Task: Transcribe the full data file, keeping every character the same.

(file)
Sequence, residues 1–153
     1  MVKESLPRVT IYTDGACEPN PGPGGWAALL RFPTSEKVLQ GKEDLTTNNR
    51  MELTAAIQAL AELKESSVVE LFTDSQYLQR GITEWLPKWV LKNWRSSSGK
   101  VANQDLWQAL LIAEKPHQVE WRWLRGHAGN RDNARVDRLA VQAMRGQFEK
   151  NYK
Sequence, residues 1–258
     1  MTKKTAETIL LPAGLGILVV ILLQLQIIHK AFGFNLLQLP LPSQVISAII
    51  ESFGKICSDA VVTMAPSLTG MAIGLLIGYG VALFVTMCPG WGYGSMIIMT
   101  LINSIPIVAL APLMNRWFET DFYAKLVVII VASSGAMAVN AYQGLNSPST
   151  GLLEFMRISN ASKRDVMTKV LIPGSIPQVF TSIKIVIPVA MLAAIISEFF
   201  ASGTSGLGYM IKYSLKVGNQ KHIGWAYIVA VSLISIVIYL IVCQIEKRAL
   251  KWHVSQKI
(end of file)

Sequence, residues 1–153
     1  MVKESLPRVT IYTDGACEPN PGPGGWAALL RFPTSEKVLQ GKEDLTTNNR
    51  MELTAAIQAL AELKESSVVE LFTDSQYLQR GITEWLPKWV LKNWRSSSGK
   101  VANQDLWQAL LIAEKPHQVE WRWLRGHAGN RDNARVDRLA VQAMRGQFEK
   151  NYK
Sequence, residues 1–258
     1  MTKKTAETIL LPAGLGILVV ILLQLQIIHK AFGFNLLQLP LPSQVISAII
    51  ESFGKICSDA VVTMAPSLTG MAIGLLIGYG VALFVTMCPG WGYGSMIIMT
   101  LINSIPIVAL APLMNRWFET DFYAKLVVII VASSGAMAVN AYQGLNSPST
   151  GLLEFMRISN ASKRDVMTKV LIPGSIPQVF TSIKIVIPVA MLAAIISEFF
   201  ASGTSGLGYM IKYSLKVGNQ KHIGWAYIVA VSLISIVIYL IVCQIEKRAL
   251  KWHVSQKI